Juice prepared from pounded and squeezed fresh leaves of Croton macrostachyus Del., Premna schimperi Engl. and Vernonia amygdalina Del. were applied as a lotion on the lesions of patients of Abiato (Shererit). The remnant was also reported to be dried, powdered and applied over the lesions. Roots and leaves of Alysicarpus quartinianus A. Rich. were also crushed in fresh and put on the lesions of the patients.
Leaves of A. quartinianus, Clausena anisata (Willd.) Hook. f. ex Benth., M. salicifolia, Myrsine africana L. and P. schimperi were reported to be crushed and squeezed in fresh form with water. The juice was then indicated to be drunk in very small amount for three days to treat Naqarsaa.
Fresh roots of Entada abyssinica Steud. ex A. Rich., Momordica foetida Schumach. and Oreosyce africana Hook. f. were crushed and squeezed with water. The filtrate was reported to be given through hypodermal injection using a syringe to treat gonorrhoea (Dhukuba Dhiraa).
The most cited modes of remedy applications were drinking (42.86%), topical applications (28.57%) and dropping (14.29%).
The use of traditional medicinal plants to treat human ailments is not exhaustively documented in Ethiopia despite studies had been conducted in some areas of Northern , Northwestern [14, 15], Central [16–18], Southeastern [19–21] and Southwestern  Ethiopia. In the current study, a total of 27 medicinal plant species in 27 genera which were used by traditional healers were recorded from four Kebeles of Sekoru District, Jimma Zone, Southwestern Ethiopia.
Result of this study showed that most of the medicinal plant species used were reported as wild. Similar studies conducted in Ethiopia [19, 16, 21], Uganda [22, 23], Serbia  and in Northern Peru  indicated that most medicinal plant species used to treat human ailments were wild. This implies that the majority of plants of medical importance were not yet cultivated by traditional healers.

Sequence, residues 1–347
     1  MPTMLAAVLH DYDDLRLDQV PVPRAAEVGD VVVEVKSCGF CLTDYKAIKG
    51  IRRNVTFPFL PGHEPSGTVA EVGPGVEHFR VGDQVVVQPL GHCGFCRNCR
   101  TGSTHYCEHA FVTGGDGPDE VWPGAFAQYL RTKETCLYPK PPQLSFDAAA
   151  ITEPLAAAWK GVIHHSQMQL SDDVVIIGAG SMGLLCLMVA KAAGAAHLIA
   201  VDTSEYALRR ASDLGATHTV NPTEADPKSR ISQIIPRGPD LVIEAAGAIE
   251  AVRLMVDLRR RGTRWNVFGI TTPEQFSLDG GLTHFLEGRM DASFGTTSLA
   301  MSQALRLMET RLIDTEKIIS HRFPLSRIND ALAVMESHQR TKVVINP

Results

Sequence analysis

Shrubs and trees were the most represented growth forms for remedy preparations in the study area. This could be due to the fact that these growth forms are available in almost all seasons as they are relatively drought resistant and are not affected by seasonal variations .
Leaves were the most cited plant parts used by the healers for the preparation of traditional medicines. This finding is in line with the results of other ethnomedicinal studies in Africa [16, 27, 23] and elsewhere [28, 29] who reported that leaves were the most cited plant parts used in remedy preparations.
The result of this study showed that more than one plant species were mostly used by the traditional healers to prepare a remedy for ailments. This could be attributed to the additive or synergistic effects that they could have during ailment treatment [30, 25]. However, a study conducted in Bolivia by  showed that most remedies were prepared from a single medicinal plant species.
Most of the traditional healers were found to have poor knowledge on dosage and antidote while prescribing remedies to their patients and most of the remedies were reported to have no serious adverse effects except vomiting and temporary inflammations. This could be attributed to the low toxicity of the remedy preparations of the medicinal plant species used by the traditional healers in the study area .
The reported medicinal plants of the study area were mostly indicated to be abundant and rare. Furthermore, the abundance of medicinal plant species showed significant variation with respect to their marketability, parts used and added values. This significant variation in abundance between non-marketable and marketable medicinal plant species could be attributed to the absence of commercialization pressure, which is believed to reduce over-harvesting of non-marketable medicinal plant species in the study area. On the other hand, the significant difference observed on the abundance of the medicinal plant species with respect to plant parts used and their added values might have resulted due to the various threatening factors mainly the increased anthropogenic pressure on those medicinal plant species of the study area.
The indigenous knowledge among traditional healers with regard to their age and educational level was similar. This might be attributed to equal access of their family members to the existing indigenous knowledge regardless of age and educational level. The proportion of healers who used to transfer their knowledge and those who didn't use to transfer was also similar. This reveals that some of the traditional healers might have given much attention to the indigenous knowledge transfer while others kept the knowledge with them for the sake of secrecy or they might have little concern regarding the value of indigenous knowledge.